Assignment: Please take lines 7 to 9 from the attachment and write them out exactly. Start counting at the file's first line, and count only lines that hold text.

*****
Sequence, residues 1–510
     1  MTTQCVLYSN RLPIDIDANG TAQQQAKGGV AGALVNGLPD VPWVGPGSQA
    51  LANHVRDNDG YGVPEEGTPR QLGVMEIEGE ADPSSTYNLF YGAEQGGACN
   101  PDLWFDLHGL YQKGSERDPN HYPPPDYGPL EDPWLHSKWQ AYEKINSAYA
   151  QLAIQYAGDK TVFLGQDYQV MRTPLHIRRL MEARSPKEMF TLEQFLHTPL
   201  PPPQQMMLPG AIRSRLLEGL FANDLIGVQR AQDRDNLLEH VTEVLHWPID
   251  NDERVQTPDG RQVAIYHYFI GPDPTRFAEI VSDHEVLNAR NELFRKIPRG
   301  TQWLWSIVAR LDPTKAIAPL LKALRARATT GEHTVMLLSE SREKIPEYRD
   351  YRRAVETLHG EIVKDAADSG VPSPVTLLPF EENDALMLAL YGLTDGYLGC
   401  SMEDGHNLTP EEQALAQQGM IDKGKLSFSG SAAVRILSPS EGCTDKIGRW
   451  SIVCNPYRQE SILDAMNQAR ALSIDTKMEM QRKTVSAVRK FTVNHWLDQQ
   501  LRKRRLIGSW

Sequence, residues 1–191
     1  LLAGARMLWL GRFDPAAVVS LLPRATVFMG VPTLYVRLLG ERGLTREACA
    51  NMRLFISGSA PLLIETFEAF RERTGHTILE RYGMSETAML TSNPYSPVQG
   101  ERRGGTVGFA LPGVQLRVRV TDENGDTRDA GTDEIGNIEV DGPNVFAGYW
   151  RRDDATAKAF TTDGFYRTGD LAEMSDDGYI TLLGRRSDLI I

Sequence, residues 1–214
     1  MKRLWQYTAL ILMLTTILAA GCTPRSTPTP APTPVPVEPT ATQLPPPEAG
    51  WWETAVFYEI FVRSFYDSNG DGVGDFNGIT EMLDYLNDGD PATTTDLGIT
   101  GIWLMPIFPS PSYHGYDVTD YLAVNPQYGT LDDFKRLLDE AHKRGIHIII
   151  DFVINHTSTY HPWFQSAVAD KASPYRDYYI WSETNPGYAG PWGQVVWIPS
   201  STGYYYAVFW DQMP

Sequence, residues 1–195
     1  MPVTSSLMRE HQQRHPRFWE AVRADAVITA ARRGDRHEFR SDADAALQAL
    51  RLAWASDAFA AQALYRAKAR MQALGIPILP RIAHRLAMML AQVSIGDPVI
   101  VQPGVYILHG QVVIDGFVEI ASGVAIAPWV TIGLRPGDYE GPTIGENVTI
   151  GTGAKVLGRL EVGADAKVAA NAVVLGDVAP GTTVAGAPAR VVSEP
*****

   251  NDERVQTPDG RQVAIYHYFI GPDPTRFAEI VSDHEVLNAR NELFRKIPRG
   301  TQWLWSIVAR LDPTKAIAPL LKALRARATT GEHTVMLLSE SREKIPEYRD
   351  YRRAVETLHG EIVKDAADSG VPSPVTLLPF EENDALMLAL YGLTDGYLGC